A quick stop at Coes Pond on our way to the Worcester Airport.  Highlights were quite a few Hoodies and a couple of Mallards.

Of course our side of the airport would be pretty quiet with no American Robins or Pine Grosbeaks with the only highlight (aka new bird for the day) would be a Cedar Waxwing.  We'd head on over to Nick's side (not to poach of course), but rather admire the assortment of birds on his block like the Pine Grosbeak above.  Swoon.  Don't think I could ever tire of this bird.

We'd head on out to Leciester next and keep our eyes out on yards for bird feeders or course and while there were a few here and there the most interesting thing we'd encounter is Fluffy here on the roof to his house.  He'd be up there all regal looking as he soaked in the sun and took in the day so guessing this is a daily ritual for him and something he looks forward to.  HA

We'd hit the reservoir in Leciester and be happy to pick up three new birds at this stop including quite a few Eastern Bluebirds a Golden-crowned Kinglet and this Yellow-bellied Sapsucker above.  The other highlight would be more Red-breasted Nutcatches who once again responded very well to plays of their call.  One target bird we didn't get was Red-bellied Woodpecker which was driving both Alan and I crazy as they are common CBC birds but not for us it appeared.  Side Note:  According to John's count data we had record count data for many woodpeckers yesterday including Downy, Hairy, Pileated, Flicker and the Sapsuckers which I thought was pretty cool!

But soon enough it was time to head back to Worcester for the Peregrines.  At first we didn't see any trace of them which didn't sit well with either of us as we would have been mortified to get back to CBC headquarters and not deliver the expected count but soon enough the male would grace us with his presence as Alan would spot him on the corner for the Bank of America Building.  Swoon!!

He wouldn't stay there long and would take to the sky chasing pigeons and a few minutes later he'd score himself some dinner and eat it at one of his favorite spots on the Bancroft Building.

Digiscoped picture Alan got of him (Swoon).  He'd be acting his goofy self and hopping around but we never were able to tell what he was eating but guessing it was pigeon!

We'd do our last stops at the same places we started the CBC with the final one being Notre Dame for the crow roost.  As we were driving we'd see hundreds of crows headed in that direction but have to admit I was taken aback by the sheer volume of them as we drove through the cemetery.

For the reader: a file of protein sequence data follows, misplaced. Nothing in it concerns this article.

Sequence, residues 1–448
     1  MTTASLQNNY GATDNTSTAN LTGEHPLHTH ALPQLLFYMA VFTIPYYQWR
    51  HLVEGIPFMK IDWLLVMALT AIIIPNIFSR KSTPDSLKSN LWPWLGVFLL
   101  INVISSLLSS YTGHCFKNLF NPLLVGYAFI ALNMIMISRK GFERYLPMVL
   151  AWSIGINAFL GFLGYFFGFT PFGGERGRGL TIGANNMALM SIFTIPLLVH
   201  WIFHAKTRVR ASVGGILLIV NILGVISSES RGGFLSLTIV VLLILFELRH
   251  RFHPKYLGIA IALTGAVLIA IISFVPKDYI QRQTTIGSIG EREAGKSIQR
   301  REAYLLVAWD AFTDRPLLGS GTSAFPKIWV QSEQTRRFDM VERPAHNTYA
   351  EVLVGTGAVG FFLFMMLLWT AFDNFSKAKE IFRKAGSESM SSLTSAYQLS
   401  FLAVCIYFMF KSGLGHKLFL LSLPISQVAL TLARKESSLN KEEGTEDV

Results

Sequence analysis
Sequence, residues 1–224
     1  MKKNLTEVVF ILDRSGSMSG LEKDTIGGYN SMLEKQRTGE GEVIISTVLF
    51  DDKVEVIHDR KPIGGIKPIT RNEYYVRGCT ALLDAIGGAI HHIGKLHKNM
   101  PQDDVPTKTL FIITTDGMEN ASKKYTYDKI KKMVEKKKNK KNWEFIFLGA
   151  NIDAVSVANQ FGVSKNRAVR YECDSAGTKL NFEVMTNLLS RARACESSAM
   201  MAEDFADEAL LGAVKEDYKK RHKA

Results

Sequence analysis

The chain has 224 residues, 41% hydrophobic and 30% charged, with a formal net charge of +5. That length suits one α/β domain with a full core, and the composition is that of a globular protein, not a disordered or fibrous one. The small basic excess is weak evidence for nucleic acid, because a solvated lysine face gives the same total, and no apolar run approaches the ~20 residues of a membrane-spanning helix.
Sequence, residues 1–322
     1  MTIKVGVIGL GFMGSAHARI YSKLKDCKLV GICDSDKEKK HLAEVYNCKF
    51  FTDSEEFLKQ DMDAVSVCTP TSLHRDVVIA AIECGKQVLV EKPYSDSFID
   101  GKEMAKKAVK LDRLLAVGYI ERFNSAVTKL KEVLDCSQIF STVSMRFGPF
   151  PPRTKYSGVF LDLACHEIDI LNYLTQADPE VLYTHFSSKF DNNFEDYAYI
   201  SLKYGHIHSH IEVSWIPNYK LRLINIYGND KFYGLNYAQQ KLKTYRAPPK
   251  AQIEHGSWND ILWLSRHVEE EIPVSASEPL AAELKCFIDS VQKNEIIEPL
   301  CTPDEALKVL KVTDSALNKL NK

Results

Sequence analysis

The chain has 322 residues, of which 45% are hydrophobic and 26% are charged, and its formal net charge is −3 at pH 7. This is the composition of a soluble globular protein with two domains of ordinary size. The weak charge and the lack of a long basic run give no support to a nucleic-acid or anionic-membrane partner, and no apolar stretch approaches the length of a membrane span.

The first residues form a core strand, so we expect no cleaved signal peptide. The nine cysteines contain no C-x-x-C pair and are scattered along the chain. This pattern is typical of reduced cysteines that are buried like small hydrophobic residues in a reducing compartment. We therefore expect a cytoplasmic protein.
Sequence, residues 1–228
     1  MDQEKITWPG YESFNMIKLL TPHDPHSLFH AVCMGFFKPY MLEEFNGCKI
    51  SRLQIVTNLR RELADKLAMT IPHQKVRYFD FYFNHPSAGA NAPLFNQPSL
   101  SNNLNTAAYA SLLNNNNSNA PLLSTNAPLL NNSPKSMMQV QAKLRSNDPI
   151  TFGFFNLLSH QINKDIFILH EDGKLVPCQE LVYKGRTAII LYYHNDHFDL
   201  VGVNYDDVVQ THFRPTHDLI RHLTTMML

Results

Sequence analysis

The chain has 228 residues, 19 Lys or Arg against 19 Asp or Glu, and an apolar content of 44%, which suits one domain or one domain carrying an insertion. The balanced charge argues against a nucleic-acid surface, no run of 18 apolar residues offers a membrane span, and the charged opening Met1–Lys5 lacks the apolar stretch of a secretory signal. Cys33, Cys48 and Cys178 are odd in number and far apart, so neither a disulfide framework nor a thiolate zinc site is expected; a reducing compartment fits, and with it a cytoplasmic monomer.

The crows would be pouring in as some flew above head and others cawed loudly in trees.  Alan was headed toward the area the Northern Pintail like to hang out and I barely remember getting out of his truck telling him I'd meet up with him later as I wanted to drink it all in and get some photos.  I'd put my video on in attempt to capture it all as I walked around the commotion in a trance like state captivated by the sound and sight.  I'd see two crows chasing one another as one did a corkscrew like dive to avoid capture, others had food in their bills and they'd fly to the waters to dip it in for better eating which would be a couple of highlights.

A sample of what I heard.  Should note we also got a Fish Crow in the mix that both Alan and I heard despite being in different areas.  My camera would finally die so I'd snap back to reality and realize I got out of the truck somewhere smack dab in the middle of the cemetery instead of close to the water like I thought I was at.  I'd make my way back to the truck and still see the crows still filtering in and would realize this would be the highlight of the day.  Roosts of any kind have always interested me but crow roosts even more so as not only as it a feast for the eyes but ears too!

We'd head over to Broad Meadow Brook for the compilation and pizza and also do some socializing which was a perfect end to a wonderful day and you really couldn't beat the weather!

Take care all.

Sunday, December 9, 2012

Birding North Worcester County

I'd head north with Alan this morning in my continued search for winter finches with the first stop being a cracker factory in Westminster Alan had heard about through Tom which threw me for a loop considering the line of banking I'm in does a lot of business with manufacturers and know just about every Worcester County factory there is so it had me stumped.  I'd be happy we made the stop despite there not being any Pine Grosbeaks as it was very picturesque as you can see in the photo above and wish more factories was as quaint as this one ;-).  Our next stop would be near Heywood Hospital in Gardner hoping for better luck than we had at the cracker factory.

And the first thing we'd see were the two wind turbines above.  Sigh....I understand the need for alternative energy but would by lying if I said I don't care much for them as not only are they ugly, but have claimed the lives of many birds with raptors in particular.